We all know that the weather is the single most important factor in a successful crop, but it’s also the most unpredictable. That’s been particularly true as of late, since it was seeming like Mother Nature just couldn’t make up her mind. However, it looks like she finally decided what season it is, and, apparently, she wanted to skip spring and go straight to summer.
While it is true that we’ll never know exactly how the weather will pan out, it’s still important to take our best guess and plan accordingly. Iowa State Climatologist Dr. Justin Glisan does much more than just guess- he uses scientific data to make accurate predictions of Iowa’s climatological patterns. One of his main tools is the drought monitor, and he said that, even though it feels like we got a lot of rain in April, it was only slightly wetter than average.
A major concern recently has been whether or not we’ll be able to get in the fields to maximize yield potential for our crops, but with the tropical temperatures we’re seeing in the current forecast, Dr. Glisan said that there should be an excellent window for the planters to get rolling this week.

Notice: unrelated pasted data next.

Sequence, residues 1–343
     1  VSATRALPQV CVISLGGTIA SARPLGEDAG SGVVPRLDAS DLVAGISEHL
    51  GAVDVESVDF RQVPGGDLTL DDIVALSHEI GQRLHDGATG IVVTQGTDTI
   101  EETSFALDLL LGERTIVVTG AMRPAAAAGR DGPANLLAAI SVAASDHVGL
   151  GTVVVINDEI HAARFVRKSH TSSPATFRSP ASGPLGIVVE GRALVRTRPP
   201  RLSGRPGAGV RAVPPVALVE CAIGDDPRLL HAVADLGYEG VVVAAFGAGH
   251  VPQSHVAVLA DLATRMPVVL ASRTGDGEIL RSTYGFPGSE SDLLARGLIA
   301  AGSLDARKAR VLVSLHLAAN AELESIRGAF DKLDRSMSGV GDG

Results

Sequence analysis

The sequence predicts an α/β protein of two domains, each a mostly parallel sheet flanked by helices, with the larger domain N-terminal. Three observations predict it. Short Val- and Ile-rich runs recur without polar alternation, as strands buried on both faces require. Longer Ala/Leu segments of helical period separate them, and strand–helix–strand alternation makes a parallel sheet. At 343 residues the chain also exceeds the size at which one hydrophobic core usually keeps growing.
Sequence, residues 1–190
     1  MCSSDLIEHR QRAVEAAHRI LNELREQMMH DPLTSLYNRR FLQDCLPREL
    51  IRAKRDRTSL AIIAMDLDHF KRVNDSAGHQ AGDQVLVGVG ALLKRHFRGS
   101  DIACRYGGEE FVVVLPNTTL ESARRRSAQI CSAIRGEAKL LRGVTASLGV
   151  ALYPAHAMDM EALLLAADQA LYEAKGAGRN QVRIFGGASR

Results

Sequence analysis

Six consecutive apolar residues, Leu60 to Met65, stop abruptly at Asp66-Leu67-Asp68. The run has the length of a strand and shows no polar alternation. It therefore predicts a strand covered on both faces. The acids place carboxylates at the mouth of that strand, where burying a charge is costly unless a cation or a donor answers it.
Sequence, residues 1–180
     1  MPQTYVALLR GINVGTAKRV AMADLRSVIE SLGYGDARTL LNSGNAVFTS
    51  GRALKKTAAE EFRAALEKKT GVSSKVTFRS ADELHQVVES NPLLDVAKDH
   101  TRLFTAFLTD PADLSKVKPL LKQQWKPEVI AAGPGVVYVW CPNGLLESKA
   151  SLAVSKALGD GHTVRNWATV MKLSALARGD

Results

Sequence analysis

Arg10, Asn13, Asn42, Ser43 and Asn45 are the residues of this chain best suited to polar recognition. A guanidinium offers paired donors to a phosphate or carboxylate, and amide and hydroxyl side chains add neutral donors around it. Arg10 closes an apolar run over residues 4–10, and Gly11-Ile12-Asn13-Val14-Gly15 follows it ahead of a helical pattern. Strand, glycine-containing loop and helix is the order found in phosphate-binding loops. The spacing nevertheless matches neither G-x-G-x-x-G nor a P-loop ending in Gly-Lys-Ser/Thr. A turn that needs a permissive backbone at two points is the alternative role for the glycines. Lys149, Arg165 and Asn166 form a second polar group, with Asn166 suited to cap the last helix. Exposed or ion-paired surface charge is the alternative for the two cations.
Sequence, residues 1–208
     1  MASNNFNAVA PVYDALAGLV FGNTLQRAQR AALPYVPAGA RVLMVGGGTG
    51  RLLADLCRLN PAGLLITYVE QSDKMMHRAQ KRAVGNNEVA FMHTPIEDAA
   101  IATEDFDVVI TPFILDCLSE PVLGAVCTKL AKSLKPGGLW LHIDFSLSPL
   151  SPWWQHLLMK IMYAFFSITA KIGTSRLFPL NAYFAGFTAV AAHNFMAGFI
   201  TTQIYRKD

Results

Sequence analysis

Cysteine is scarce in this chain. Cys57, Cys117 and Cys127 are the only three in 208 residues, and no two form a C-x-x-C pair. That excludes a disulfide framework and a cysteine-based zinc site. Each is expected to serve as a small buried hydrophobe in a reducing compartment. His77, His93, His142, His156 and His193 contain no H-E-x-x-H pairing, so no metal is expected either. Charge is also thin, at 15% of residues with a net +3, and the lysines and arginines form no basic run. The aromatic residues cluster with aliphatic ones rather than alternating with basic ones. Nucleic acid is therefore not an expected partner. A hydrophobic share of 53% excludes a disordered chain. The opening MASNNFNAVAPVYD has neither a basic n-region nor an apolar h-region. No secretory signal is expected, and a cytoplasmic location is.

Fortunately, most farmers should be able to get most, if not all, of their crops planted this week. However, that doesn’t mean we can ignore the weather now. It’s just as important to keep track of the weather conditions as the crops go through their growing cycles. Dr. Glisan provided his weather outlook for the month of May and beyond.
Dr. Glisan added that there’s a chance, however small, that the La Nina pattern sticks around after this winter.
As we move into May and June- the two wettest months of the year- we expect to see some seasonal rain showers. However, even in years with heavier drought conditions, Dr. Glisan said that Iowa farmers have been resilient and have still seen great yields from their crops.
Dr. Glisan said that he’s always available as a resource for Iowa farmers to stay up-to-date on weather patterns.
For more information on Iowa’s weather patterns, visit https://iowaagriculture.gov/climatology-bureau.